"He was dynamic in his actions and his ideas," Gibson said. "And because of that, soldiers were drawn to him and would give everything they had to him. They worked tirelessly not to let him down."
Friends also recalled his dedication to his family -- his wife and newborn daughter, Lauren, whom he spoke of proudly but never met.
Fenty spoke with his wife about a month ago, the day their first child was born, and then again hours before the assignment in which he was killed. Lieutenant Colonel Chris Cavoli recalled Fenty's demeanor after the call.
"He was glowing," Cavoli recalled. "There was just this different smile -- a warm smile."
Fenty was to lead nine soldiers on a helicopter operation that carried potential complications, friends said. But as always, he accepted the risks gracefully.
"He was a man of such sterling character," Cavoli said. "It's a shame for our country to lose him, not just as a soldier but as a citizen. He leaves behind hundreds and hundreds of people he inspired."
The other soldiers killed in the crash were
Chief Warrant Officer 3 Eric W. Totten, 34, of Texas; Chief Warrant Officer
2 Christopher B. Donaldson, 28, of Illinois; Staff Sergeant Christopher
T. Howick, 34, of Hamburg, New York; Sergeant Bryan A. Brewster, 24, of
Fontana, California; Sergeant John C. Griffith, 33, of Las Vegas; Sergeant
Jeffery S. Wiekamp, 23, of Utopia, Texas; Specialist Justin L. O'Donohoe,
27, of San Diego; Specialist David N. Timmons Jr., 23, of Lewisville, North
Carolina; and Private First Class Brian M. Moquin Jr., 19, of Worcester,
SEPTEMBER 10, 2008
FORT DRUM ó Tuesday would have been Lieutenant Colonel Joseph J. Fenty Jr.'s 44th birthday if he had not died in a helicopter crash May 5, 2006, in Afghanistan with nine other 10th Mountain Division soldiers.
In honor of his memory and to give tribute to his service, the 3rd Squadron, 71st Cavalry Regiment, 3rd Brigade Combat Team dedicated its headquarters building on post to the man who helped create, train and lead the squadron on its first deployment to Afghanistan.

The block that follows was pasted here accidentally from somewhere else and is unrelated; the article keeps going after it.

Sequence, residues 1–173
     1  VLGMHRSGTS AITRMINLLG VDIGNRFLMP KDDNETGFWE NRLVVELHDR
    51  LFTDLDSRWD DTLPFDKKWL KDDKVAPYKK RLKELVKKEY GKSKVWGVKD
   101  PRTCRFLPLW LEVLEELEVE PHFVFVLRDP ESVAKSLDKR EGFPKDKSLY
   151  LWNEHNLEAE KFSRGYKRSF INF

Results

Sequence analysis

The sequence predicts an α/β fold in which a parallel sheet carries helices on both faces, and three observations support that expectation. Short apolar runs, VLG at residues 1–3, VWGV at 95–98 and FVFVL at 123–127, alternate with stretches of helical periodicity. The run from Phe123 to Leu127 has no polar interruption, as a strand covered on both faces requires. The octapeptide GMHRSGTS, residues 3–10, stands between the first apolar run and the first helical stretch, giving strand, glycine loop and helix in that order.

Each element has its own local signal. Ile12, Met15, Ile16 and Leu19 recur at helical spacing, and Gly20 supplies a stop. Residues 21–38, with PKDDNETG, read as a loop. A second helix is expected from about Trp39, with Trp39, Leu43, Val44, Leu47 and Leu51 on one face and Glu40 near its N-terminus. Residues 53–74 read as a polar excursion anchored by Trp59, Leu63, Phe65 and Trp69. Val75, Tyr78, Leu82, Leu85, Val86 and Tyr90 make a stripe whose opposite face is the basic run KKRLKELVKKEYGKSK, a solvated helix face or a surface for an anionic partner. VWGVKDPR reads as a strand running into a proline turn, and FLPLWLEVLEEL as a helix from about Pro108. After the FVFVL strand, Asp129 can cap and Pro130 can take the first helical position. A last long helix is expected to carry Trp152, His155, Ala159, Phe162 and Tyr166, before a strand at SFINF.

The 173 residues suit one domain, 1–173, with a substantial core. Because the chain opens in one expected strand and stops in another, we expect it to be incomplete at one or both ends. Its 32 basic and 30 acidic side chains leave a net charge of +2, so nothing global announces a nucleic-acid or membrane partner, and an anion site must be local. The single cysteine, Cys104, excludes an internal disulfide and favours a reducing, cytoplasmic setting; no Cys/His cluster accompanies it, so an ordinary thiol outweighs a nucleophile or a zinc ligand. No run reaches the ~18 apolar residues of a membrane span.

"I wouldn't say I was most proud of what he did in Afghanistan, because I am more proud of the influence on the men and women in this unit, that he built, who will carry on this mission," said Kristen M. Fenty, Colonel Fenty's wife of 19 years. The Fentys have a daughter, Lauren O., who was only 28 days old when her father died. Col. Fenty never got to see her.
Colonel Fenty and nine other 10th Mountain soldiers died in the most deadly incident during any deployment for the division since the beginning of the Afghanistan and Iraq wars. Colonel Fenty was in a Chinook helicopter, extracting part of his squadron from a mountain range in Kunar, Afghanistan, when the helicopter hit a tree and was sent spiraling into a 300-foot-deep ravine.
"He knew it was dangerous and he purposefully placed himself there," said Captain Mitchell A. Payne, who served under Colonel Fenty prior to the deployment and while in Afghanistan. "He led by being first."
That was something that resonated with everyone who spoke about Colonel Fenty, especially Major General Bernard Champoux, who addressed the crowd during the ceremony. General Champoux served with Colonel Fenty and the 10th Mountain Division in 1997 when the division deployed to Bosnia. General Champoux also has grown to become a part of the Fenty extended family since 2006.
"Joe felt a calling to do this, and he was
hard-wired to be the first soldier to walk into the unit and train them
for combat and lead them into combat," said General Champoux. "His leadership
by example and keenness to toughness is what brought him to that dark night
in May. He didn't need to be there, but he put himself there. The plaque
says he is the cornerstone of this squadron for a reason."
Colonel Fenty helped to create the new squadron in 2003 when the 3rd Brigade Combat Team came to the 10th Mountain Division, and he was the unit's first commander. He also was the first officer to die in Afghanistan and was part of the first group of causalities during the deployment.
Soldiers who knew him and the others who died said that their loss was tough to take because they were prepared to lose men ó but in combat, not in a helicopter crash.
"I think it's a tremendous thing today. Fenty Hall will be said every day," said Charlee M. Miller, his mother, who wears dog tags around her neck and pins from the 3-71 on her jacket lapel. "It's as if a breath of life will live on in Fenty Hall. It's nice to know that years from now, younger soldiers will ask about him and will hear the story."
Also killed in the crash were Chief Warrant Officer 3 Eric W. Totten, Chief Warrant Officer 2 Christopher B. Donaldson, Staff Sergeant Christopher T. Howick, Sergeant Bryan A. Brewster, Sergeant John C. Griffith and Sergeant Jeffery S. Wiekam, all from the 3rd Battalion, 10th Aviation Brigade, and Specialist Justin L. Odonohoe, Specialist David N. "J.R." Timmons and Private First Class Brian M. Moquin from the 3rd Squadron, 71st Cavalry Regiment.
FENTY, JOSEPH JAMES
Posted: 24 May 2006 Updated: 11 June 2006 Updated: 1 October 2006 Updated: 22 June 2009
Photo Courtesy of Holly, October 2006